"WHERE KNOWLEDGE IS WEALTH"

Monday, September 20, 2010

“Peter Senge’s Fifth Discipline and Teaching” – Professor M.S.Rao

“We often spend so much time coping with problems along our path that we forget why we are on that path in the first place. The result is that we only have a dim, or even inaccurate, view of what's really important to us.” – Peter M. Senge

Internationally each personality is associated with each area of specialization. When we recall a particular personality we easily relate with a specific area of expertise and also the other way round. For instance, Daniel Goleman is associated with emotional intelligence, Philip Kotler with marketing, John Adair with Action Centered Leadership, Ken Blanchard with Situational Leadership, and Peter Senge with Fifth Discipline. When we look at Peter Senge, he highlighted about organizational learning in his magnum opus ‘The Fifth Discipline: The Art & Practice of the Learning Organization’.

According to Peter Senge “A learning organization is a place where people are continually discovering how they create their reality.” He says that organizations are dynamic and continuously adapt and improve. As individuals improve their learning curve, the organizations too must improve their learning curve. He unfolds that learning organizations constitutes five disciplines such as personal mastery, mental modes, shared vision, team learning and systems thinking. Let us see how these disciplines can be used in the classroom for the benefit of both students and educators. The educators can effectively use these five factors for effective teaching for students. For instance, students can learn the concepts through personal mastery by mastering the contents and concepts. The educators can involve the students into interaction wherein students apply their mental modes for better clarity of the content. Thirdly, the educators can often highlight the common objectives of learning by sharing the collective vision of the students. Fourthly, educators can engage students to form groups in the classroom, discuss and ensure learning outcomes. Finally, educators can take informal feedback from students for making both teaching and learning better which is a type of systems thinking. We shall deal the same in detail.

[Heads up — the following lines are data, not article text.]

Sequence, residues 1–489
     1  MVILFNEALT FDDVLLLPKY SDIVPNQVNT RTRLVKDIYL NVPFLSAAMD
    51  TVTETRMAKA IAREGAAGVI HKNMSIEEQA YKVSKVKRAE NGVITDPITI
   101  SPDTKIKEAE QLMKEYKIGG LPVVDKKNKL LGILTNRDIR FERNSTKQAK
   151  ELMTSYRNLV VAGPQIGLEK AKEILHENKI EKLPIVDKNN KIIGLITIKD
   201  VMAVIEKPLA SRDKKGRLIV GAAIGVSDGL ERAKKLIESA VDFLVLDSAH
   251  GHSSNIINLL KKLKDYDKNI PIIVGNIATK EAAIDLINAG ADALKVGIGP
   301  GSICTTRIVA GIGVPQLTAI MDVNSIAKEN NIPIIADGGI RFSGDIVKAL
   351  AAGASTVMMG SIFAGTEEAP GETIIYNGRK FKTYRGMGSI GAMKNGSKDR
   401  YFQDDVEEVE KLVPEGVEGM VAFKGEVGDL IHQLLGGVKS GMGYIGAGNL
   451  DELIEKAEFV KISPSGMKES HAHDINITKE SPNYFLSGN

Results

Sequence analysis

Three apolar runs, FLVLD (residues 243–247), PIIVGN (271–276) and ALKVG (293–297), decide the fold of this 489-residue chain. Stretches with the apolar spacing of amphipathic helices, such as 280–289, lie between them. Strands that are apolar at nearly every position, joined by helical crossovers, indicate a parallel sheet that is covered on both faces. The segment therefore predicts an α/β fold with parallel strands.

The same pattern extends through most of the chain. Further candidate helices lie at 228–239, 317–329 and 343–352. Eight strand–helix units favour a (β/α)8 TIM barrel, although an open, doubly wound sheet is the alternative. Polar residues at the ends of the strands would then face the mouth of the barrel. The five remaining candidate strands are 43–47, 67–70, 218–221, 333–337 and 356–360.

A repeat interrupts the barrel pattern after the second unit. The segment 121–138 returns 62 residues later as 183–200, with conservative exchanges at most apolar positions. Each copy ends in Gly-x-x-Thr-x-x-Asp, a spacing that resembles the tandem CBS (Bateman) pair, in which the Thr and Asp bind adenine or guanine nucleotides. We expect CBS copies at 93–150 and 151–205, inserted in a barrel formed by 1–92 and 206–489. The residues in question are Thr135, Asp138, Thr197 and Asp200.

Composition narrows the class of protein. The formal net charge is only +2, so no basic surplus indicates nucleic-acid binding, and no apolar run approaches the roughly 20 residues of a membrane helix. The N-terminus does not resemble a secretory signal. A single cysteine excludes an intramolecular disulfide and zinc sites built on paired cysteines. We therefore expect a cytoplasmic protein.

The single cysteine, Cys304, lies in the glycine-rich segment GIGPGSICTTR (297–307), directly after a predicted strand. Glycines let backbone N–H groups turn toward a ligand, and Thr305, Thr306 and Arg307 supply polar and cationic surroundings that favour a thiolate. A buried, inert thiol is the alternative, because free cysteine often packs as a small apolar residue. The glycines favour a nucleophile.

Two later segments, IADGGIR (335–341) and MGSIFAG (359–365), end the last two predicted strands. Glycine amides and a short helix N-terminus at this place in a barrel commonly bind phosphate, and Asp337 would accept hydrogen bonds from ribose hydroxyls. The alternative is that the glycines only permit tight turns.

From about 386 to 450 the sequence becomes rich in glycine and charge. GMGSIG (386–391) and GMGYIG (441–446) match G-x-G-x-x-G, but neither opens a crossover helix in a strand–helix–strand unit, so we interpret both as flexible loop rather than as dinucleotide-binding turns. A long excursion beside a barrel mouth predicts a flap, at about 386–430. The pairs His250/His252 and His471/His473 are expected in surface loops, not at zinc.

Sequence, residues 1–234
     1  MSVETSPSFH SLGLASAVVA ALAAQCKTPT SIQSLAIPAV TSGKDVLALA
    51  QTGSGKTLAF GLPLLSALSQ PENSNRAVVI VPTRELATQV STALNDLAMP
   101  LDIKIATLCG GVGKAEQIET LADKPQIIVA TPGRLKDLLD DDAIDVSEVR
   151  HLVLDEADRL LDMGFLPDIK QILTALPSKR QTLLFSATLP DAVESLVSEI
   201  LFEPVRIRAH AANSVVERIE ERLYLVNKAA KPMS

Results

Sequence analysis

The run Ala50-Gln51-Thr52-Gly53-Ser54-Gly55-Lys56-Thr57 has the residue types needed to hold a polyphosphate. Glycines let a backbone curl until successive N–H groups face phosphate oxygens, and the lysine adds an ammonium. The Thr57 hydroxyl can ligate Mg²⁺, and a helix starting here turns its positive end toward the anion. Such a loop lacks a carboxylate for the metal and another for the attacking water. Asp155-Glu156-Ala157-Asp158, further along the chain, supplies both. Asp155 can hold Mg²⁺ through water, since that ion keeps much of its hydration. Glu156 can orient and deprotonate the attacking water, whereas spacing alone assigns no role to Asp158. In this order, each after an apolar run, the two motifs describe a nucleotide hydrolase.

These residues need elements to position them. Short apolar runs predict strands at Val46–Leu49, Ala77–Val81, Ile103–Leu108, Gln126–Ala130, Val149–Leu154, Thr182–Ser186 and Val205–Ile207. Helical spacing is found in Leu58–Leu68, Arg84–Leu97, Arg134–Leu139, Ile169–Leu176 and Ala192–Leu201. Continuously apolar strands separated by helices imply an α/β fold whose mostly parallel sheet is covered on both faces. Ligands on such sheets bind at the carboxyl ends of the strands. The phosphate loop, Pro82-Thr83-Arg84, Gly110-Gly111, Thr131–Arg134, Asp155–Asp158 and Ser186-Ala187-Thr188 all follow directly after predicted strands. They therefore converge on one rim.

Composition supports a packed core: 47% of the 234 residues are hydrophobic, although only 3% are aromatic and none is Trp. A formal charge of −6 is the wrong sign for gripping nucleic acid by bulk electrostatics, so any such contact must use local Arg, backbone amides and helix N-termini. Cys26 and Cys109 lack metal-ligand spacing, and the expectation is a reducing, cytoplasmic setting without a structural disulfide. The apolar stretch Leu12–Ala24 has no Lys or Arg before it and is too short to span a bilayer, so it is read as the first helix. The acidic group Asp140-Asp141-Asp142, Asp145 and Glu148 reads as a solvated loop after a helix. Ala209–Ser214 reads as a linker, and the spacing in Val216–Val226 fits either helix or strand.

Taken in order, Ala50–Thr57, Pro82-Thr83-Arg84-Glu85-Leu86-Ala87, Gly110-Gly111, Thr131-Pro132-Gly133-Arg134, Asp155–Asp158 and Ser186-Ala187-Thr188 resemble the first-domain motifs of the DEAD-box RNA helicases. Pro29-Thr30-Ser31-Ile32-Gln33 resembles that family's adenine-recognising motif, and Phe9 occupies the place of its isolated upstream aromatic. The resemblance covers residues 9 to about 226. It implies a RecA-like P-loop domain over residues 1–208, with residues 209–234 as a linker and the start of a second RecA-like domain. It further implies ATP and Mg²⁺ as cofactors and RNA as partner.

Teaching in ‘Fifth Discipline’ Way:

• When we talk of mental modes, it is all about the students reflecting what has been taught in the classroom through mental pictures and visualization. It enhances their retention of the concepts paving the way for relating the reel content with real life applications. It builds confidence and promotes analytical and thinking levels.
• Educators must emphasize on personal mastery where their teaching styles should be tailored in such a way that students must be able to reinforce their learning.
• Often it is essential for educators to remind students about sharing their vision of joining the course and the objectives behind the classroom session as it makes them more accountable and responsible towards learning. It also helps them focus on learning objectives with desired outcomes.
• Team learning helps in effective transfer of knowledge and generates more knowledge. Educators must involve students in team learning so that they can discuss and challenge the ideas and information for further research. Numerically speaking, one plus one is two. However, when we talk in terms of teaching it is more than two and probably more than eleven. In this context, it is rightly said that when two people exchange an apple, they still have one apple in their hands. However, when they exchange ideas they will have two ideas as each individual is acquiring extra idea through exchange.
• Educators must look at the overall improvement of the classroom teaching by assessing the learning needs of the students. They must tune their teaching style as per the different learning styles of students to ensure effective teaching in the classroom. Therefore, it is essential to take inputs from the students informally to make things better. It is known as systems thinking from the perspective of Peter Senge.

To conclude, both educators and students can take a leaf from Peter Senge’s five disciplines for understanding the concepts and their application to reap rich rewards real life.

1 comment:

TOM said...

This is a very apt observation. If educators and students follow Peter Senge’s five disciplines, we shall reach the pinnacle of glory in this knowledge era.